Just 14 players remain in Event #60: $1,500 Seven Card Stud Hi-Lo, a tournament that attracted 521 players and created a $703,350 prize pool. David Prociak is the favorite to capture the $156,546 top prize with 701,000 in chips, but he faces some stiff competition in the form of John Monnette (420,000), Calvin Anderson (347,000), and Brandon Shack-Harris (95,000).

Day Two saw the money bubble burst, but dozens of players failed to finish in the top 79 and secure a payday. Among those to leave empty-handed were Mike Matusow, Barry Greenstein, and David Sklansky.

Meanwhile, players Andy Bloch (23rd/$4,379), Daniel Negreanu (30th/$3,721), Joe McKeehen (61st/$2,417), and Allen Cunningham (77th/$2,239) all walked away with a little extra scratch in their pocket.

Action will resume at 2pm PT on Thursday and play down to a winner.

Tag Team Makes Historic Return

The historic return of a Tag Team event to the World Series of Poker saw 863 players take to the felt, but just 130 of them remained after Day One. Leading the way is the two-man team of Vladimir Geshkenbein and Tobias Ziegler, who bagged up 100,000 on Wednesday night.

According to the WSOP, some of the more interesting teams included poker pros Jeff Gross, Antonio Esfandiari, and Brian Rast, as well as Jonathan Little playing alongside his parents.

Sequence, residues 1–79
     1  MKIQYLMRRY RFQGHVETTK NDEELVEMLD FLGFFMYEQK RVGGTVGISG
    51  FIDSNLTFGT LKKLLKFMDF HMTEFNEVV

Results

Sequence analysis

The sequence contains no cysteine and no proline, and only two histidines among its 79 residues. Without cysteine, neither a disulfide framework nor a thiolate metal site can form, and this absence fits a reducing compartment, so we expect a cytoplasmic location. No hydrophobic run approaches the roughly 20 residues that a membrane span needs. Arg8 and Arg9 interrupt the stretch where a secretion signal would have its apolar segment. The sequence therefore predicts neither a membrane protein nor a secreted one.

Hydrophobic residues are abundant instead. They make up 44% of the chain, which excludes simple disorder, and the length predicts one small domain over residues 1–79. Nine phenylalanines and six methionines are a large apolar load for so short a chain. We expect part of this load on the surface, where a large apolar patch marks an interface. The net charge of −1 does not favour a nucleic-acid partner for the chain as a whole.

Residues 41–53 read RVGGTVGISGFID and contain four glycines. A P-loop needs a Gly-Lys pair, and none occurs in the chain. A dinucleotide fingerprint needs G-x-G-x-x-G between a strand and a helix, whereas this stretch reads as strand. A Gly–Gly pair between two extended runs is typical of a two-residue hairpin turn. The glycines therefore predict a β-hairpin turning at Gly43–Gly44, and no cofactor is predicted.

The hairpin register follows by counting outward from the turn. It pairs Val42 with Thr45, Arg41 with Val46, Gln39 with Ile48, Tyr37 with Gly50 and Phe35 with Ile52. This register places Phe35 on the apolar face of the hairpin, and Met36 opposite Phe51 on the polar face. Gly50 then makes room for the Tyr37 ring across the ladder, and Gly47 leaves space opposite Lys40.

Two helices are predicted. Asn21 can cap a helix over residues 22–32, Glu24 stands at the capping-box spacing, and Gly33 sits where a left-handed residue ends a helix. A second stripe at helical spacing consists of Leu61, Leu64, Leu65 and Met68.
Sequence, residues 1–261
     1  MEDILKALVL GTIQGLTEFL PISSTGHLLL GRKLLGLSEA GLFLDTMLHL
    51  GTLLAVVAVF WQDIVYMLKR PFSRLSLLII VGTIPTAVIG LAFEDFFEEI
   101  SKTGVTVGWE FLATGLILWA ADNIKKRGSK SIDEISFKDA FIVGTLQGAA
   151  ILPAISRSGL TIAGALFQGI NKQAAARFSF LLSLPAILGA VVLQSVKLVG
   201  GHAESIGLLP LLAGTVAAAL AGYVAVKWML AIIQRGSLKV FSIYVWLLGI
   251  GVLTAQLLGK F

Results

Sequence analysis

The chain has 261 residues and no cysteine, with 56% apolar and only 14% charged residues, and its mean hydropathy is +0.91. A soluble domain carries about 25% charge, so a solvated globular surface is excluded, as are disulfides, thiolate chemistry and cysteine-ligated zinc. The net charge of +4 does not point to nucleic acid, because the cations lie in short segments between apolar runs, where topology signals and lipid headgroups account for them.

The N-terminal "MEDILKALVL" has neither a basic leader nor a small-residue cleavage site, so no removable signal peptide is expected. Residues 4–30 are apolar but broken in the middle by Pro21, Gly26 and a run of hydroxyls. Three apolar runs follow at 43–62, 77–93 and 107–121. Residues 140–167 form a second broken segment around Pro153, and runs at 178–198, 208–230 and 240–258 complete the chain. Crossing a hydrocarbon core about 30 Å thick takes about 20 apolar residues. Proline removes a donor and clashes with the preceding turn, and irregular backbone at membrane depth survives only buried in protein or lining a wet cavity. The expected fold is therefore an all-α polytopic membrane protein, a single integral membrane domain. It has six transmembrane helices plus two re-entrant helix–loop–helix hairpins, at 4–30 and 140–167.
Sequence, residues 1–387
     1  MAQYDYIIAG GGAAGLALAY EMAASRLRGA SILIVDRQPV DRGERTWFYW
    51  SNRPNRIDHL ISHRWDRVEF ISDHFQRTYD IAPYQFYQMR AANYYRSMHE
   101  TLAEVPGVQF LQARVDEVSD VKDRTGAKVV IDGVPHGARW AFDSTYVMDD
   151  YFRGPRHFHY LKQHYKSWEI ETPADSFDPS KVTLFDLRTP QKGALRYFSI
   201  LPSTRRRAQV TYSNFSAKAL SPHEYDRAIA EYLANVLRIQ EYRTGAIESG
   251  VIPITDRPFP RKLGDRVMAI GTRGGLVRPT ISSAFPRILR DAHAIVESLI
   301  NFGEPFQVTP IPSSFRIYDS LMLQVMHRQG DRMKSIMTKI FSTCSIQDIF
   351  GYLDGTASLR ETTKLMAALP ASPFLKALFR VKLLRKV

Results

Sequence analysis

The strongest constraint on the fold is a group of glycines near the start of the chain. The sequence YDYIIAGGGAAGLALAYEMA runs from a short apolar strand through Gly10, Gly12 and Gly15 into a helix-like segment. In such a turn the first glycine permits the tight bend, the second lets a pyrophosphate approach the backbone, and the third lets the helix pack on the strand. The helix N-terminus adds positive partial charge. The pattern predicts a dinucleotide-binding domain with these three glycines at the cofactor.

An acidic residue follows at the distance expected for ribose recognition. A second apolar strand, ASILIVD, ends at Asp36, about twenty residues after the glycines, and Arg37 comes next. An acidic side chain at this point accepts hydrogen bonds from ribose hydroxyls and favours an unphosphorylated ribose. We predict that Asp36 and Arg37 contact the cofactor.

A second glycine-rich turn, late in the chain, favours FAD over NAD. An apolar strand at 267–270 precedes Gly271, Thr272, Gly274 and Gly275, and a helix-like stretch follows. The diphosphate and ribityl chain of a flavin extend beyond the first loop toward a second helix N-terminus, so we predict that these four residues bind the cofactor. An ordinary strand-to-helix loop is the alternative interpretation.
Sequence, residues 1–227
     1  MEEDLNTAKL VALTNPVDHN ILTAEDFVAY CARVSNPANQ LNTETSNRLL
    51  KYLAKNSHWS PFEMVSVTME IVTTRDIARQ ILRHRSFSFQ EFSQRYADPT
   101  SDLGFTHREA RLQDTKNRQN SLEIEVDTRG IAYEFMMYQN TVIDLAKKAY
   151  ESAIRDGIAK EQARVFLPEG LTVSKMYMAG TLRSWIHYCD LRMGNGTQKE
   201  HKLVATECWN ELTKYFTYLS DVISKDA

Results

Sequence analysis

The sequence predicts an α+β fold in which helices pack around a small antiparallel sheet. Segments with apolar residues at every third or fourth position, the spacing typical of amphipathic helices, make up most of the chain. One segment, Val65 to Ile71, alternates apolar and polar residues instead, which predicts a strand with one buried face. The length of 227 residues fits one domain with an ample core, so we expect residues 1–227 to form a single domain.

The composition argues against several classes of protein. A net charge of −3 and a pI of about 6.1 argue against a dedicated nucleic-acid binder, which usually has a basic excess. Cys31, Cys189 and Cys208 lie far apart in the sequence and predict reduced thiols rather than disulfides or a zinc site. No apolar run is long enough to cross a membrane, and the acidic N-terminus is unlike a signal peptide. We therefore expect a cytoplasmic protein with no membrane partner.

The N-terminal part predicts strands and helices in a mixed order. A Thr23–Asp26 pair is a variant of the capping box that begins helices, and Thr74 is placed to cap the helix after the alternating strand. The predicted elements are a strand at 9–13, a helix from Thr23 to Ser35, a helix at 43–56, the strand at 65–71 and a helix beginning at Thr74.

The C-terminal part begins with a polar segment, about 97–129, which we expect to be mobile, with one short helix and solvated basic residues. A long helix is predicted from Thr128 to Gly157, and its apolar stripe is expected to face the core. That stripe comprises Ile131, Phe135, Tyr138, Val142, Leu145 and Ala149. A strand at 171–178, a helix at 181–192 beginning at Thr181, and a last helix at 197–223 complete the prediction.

Also teaming up were TV host and infomercial king Montel Williams and 2006 WSOP Main Event champ Jamie Gold playing together for charity, and yours truly with my cousin from Wisconsin, Dan Almerli. The first two teams mention advanced to Day Two, while the latter two did not.

Among the teams who will return at noon PT on Thursday to play towards a $153,358 top prize are Mohsin Charania and Marvin Rettenmaier (20,300), Matt Vengrin and Connor Drinan (22,400), and Cory Waaland and Jordan Cristos (24,300).

Huntress Leads After Day One of $25K HR PLO

Event #62, the $25,000 High Roller Pot-Limit Omaha, drew 163 players, and after Day One action, 95 remain. Michael Huntress and his stack of 685,000 lead the way for today’s 2 pm restart. Others who bagged and tagged big stacks were Ludovic Geilich (663,000), Dan Shak (450,500), and Sean Winter (383,500).

Among those to fall on Day One were Isaac Haxton, Phil Galfond, Matt Glantz, JC Tran, and defending champ Anthony Zinno.

Registration for the event is open until the start of play on Thursday.

Two New Events Kick Off on Thursday

Day 37 of the 2016 WSOP will see Event #63, the $1,000 No-Limit Hold’em, kicks off at 11 am PT, which will be followed by Event #64, the $3,000 Pot-Limit Omaha Hi-Lo Split 8 or Better at 3 pm at the Rio in Las Vegas.

Chad Holloway
Written by
Chad Holloway
Splitting his time between his native Wisconsin and Las Vegas, Chad Holloway gave up a potential law career to follow his passion and play and write about poker. His background includes a long stint as a senior writer for a major poker news site. Long well-known throughout the poker community for his incisive and in-depth commentary and reporting, we are proud to have Chad on board as part of our CardsChat writing team, where he will be covering everything from the World Series of Poker to interviews, features, and more.

Comments

Juan Oro wrote...

I wanted to win bonomo has been so close to the bracelet this year he deserves, that sick hand sick that board